“The numbers are different,” said Mr. Goff, who joined the gallery last year, leaving his eponymous Chelsea space and bringing several artists with him to Haunch. “The money is different, the cost of art—young artists, even—it’s all accelerated. Because of information, because of technology, because of whatever, it’s become a much more expensive business.” The relationship with Christie’s lends a certain freedom, in that regard.
“Our checks do not bounce,” he added, with a laugh.
Besides throwing its financial muscle behind the gallery, until recently Christie’s postwar and contemporary department handled all of Haunch’s secondary market activity and in many ways Haunch’s very structure seemed a comment about how the business works today. A gallery qua gallery represents artists and makes sales through the primary market and secondary market, the latter category of sales meaning works that have been sold before and are not necessarily by artists that the gallery represents. Since Haunch was structured to relegate that third business to Christie’s, it allowed the gallery to embrace these first two roles, distilling its job to something closer resembling a talent agency for the artists it represents.
This isn’t to say that the relationship isn’t without its drawbacks. One doesn’t have to be a conspiracy theorist to imagine that an auction house that owns a gallery might use it to goose prices of an artist it’s in a position to sell at auction. The relationship has also been a problem for Haunch at art fairs, which are for galleries, not for auction houses, and in fact are perceived by many as a way for galleries to join together to combat the increasing competition from auction houses’ private sales divisions. Haunch raised eyebrows in 2007—when it was bought by Christie’s and Mr. Steinberger was still at Yvon Lambert—because its booth at the Armory Show featured no signs disclosing its relationship with Christie’s. That was the same year that, despite having shown at London’s Frieze since 2003, it was not selected to participate in that fair.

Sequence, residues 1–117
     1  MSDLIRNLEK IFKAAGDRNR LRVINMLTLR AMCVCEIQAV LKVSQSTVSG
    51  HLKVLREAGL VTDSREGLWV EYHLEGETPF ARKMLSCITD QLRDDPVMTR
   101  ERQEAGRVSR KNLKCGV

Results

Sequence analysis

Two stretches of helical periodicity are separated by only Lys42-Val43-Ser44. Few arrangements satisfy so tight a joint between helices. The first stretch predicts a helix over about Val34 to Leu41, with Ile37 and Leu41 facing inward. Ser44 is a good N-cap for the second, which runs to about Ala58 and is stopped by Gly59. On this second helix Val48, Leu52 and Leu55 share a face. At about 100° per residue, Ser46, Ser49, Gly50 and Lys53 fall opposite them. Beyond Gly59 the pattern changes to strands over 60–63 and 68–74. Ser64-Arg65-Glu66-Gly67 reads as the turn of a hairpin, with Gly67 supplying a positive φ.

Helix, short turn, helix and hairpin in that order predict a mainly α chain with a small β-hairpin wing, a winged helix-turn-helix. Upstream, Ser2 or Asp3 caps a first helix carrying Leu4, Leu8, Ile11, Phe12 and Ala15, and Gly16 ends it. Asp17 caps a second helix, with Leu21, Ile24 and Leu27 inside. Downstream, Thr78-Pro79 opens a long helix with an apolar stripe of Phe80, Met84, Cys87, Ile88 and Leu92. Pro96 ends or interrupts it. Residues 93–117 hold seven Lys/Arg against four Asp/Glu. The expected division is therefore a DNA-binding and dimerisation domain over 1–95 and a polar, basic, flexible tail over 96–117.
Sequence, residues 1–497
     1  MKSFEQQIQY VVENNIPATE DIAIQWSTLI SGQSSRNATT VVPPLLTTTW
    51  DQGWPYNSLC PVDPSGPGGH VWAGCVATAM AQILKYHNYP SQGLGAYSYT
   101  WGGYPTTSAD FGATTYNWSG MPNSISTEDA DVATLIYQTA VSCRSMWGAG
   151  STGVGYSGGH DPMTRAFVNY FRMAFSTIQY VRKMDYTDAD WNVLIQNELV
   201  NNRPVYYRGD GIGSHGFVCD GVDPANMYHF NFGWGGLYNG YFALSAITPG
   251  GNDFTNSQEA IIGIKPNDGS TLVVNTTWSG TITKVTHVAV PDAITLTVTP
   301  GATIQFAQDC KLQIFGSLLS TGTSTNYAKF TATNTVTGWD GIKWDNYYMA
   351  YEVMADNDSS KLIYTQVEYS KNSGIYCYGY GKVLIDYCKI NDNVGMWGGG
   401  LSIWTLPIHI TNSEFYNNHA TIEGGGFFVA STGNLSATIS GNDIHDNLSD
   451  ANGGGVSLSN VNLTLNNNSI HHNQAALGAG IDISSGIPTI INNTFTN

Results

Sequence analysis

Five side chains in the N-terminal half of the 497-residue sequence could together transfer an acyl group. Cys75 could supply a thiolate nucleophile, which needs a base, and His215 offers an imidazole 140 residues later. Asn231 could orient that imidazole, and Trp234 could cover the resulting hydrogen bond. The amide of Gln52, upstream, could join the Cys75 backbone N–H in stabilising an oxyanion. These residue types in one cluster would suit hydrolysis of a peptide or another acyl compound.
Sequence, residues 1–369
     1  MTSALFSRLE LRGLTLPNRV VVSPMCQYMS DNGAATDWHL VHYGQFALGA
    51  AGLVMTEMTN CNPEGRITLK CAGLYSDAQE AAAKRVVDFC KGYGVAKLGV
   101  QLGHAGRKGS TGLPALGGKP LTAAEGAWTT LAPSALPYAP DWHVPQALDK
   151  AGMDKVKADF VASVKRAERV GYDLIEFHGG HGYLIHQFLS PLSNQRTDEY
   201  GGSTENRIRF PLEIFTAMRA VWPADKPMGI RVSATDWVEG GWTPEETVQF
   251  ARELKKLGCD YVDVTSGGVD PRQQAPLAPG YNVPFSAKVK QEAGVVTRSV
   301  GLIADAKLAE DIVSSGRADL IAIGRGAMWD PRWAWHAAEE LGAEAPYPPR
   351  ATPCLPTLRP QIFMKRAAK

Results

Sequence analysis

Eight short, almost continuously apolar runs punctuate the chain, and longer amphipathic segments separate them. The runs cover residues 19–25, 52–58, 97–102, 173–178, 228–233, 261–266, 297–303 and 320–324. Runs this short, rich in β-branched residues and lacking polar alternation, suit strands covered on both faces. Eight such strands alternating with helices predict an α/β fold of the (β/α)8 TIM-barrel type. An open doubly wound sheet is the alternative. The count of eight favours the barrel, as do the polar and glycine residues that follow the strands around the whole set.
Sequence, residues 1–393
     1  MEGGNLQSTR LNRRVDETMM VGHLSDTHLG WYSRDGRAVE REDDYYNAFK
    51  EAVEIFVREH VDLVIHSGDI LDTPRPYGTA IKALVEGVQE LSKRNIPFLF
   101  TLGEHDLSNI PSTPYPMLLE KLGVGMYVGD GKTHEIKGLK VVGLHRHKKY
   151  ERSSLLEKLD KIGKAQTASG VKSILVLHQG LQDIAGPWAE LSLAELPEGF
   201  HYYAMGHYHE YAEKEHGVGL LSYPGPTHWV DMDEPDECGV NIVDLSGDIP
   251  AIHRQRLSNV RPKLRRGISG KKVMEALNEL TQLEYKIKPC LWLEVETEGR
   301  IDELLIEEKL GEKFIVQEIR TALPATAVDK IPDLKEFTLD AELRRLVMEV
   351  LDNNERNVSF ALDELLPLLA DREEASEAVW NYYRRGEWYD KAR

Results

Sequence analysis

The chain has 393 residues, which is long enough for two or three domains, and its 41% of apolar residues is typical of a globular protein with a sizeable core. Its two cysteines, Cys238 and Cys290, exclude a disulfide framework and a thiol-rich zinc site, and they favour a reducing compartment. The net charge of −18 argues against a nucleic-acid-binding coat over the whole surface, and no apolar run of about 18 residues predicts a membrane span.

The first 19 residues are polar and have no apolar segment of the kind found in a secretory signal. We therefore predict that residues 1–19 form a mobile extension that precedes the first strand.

(The gallery’s founders, Harry Blain and Graham Southern, who sold it to Christie’s, are no longer with Haunch but have since opened a new gallery, Blain Southern, in London, and next month Mr. Blain, along with former Sotheby’s specialist Emmanuel di Donna, will open a gallery on the Upper East Side specializing in secondary market business in modern and contemporary art.)
As Messrs. Goff and Steinberger are quick to point out, these problems associated with their being owned by Christie’s are based on appearance—it’s not as if anyone’s caught them doing anything unethical. With new artists and the departure of their founders, a departure Mr. Steinberger described as “not voluntary,” the two directors want to reintroduce the gallery to New York, and dispel any chatter of coziness.
“It’s totally understandable why, at first glance, or when people are talking about it without a lot of knowledge, they would think that,” Mr. Steinberger said. “This separating from Christie’s will make what we do much more apparent.”
“I wish it was more useful to us than it is,” Mr. Goff said of the relationship with Christie’s. “It’s sort of a technical thing and people think there’s more to it, but there really isn’t.”
He gave an example.
“Someone at Christie’s,” he said, “when I first started, called me and said—about one of the artists I work with—‘We’d really love to get a painting for auction.’ I said, ‘You do know what we do here, right? We try to keep our artists out of your auctions.’ And they were like, ‘What do you mean?’ And I said, ‘Well one of our top tasks is to protect our artists. If they’re not quite ready for prime time, we don’t want them to be in auction. It can screw up a market.’
“I said, ‘I know that that’s what you do, but you clearly don’t know what we do,’” he said.
The move out of Christie’s headquarters at Rockefeller Center has been a year in the making. Perception problems aside, the third-floor gallery space put size limitations on the kind of work that could be displayed in the gallery, so you can expect some literally big things from the gallery in its early days. For instance, Joana Vasconcelos has incorporated a car into her piece for Haunch’s first Chelsea show.